We need all hands on deck … not a hands-off leader

‘TWO CENTS’ BY CHRIS FAULKNOR

Last week, I discussed the fact that only three folks from our community showed up to assist in laying the groundwork to select our new superintendent for Boyne City Public Schools.

What I failed to wave my arms about, however, were several statements that I either found annoying or downright alarming.

The first issue I came across was a statement by a school board member that the lack of attendance from the public was indicative of the public’s trust in the board members.

First, I hope that isn’t the case.

I don’t have an issue with people trusting their elected officials, but there is a reason elected officials have public comment: because they’re supposed to be representing your interests, not only their own.

Second, how big does your ego have to be to think that, let alone say it out loud?

Seriously? You actually said this out in public?

For you to think that people didn’t want to have a voice because they think you have it covered is simply arrogant.

The second problem I saw was the hope voiced from a member of our school board that they need a superintendent who would leave Irene Byrne alone, assumingly because she knows what she is doing.

The superintendent is responsible for day-to-day management of the district, and while he may have hired help to make this happen, for the board to expect him to have a hands-off approach with any facet of school operations, especially the finances, is tying one hand behind his or her back.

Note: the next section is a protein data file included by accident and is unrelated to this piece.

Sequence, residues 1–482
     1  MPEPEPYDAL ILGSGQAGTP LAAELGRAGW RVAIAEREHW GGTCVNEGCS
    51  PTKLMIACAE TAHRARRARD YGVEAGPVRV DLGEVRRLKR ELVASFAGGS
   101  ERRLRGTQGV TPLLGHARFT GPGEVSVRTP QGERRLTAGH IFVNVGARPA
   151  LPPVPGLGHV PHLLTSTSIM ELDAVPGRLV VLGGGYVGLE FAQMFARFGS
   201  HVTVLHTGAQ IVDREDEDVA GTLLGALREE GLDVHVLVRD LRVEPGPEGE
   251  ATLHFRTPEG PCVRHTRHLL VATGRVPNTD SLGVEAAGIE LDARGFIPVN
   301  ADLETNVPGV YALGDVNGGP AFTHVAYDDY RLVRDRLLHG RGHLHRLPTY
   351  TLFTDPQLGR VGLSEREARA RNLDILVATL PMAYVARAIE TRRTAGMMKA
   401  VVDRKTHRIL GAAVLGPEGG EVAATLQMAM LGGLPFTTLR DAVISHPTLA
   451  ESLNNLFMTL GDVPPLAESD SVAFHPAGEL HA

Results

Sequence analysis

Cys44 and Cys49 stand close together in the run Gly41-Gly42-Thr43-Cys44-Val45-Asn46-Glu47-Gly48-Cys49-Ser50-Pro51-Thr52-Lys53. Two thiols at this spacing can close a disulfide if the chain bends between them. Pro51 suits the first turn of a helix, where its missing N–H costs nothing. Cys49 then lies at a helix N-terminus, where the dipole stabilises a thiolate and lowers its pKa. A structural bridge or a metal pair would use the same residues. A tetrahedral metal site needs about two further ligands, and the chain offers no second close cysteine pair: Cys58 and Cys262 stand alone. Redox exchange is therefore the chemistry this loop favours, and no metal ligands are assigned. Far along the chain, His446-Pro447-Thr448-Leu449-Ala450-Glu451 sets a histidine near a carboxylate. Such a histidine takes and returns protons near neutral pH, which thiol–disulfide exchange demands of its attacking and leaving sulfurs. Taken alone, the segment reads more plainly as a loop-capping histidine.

My ideal candidate for this position?

He or she would enjoy working with children and have an undying passion for their education, but understand that his or her job isn’t the glamorous one that involves joyful rides on merry-go-rounds with all the kids, it’s about management and responsibility.

My ideal candidate would be able to get to the point of trusting the people under him or her, but still monitor them and review their progress.

But until that trust was attained, this new superintendent would be cramming his or her flashlight in every nook and cranny.

Even the finances? Yes, especially the finances.

The ideal candidate would be active in the community, but remember what their job is and make sure it is the priority.

No, I think this school board member had it all wrong.

I think the absolute last thing we need is a superintendent that is afraid to exercise the full scope of his or her position, especially when it’s for fear of retribution from the school board.

And, one last thing, that’s exactly why the public should be coming to meetings like this, because if not monitored, they just might find that candidate who’ll leave staff alone and not watch our budget being made and our tax money being spent.

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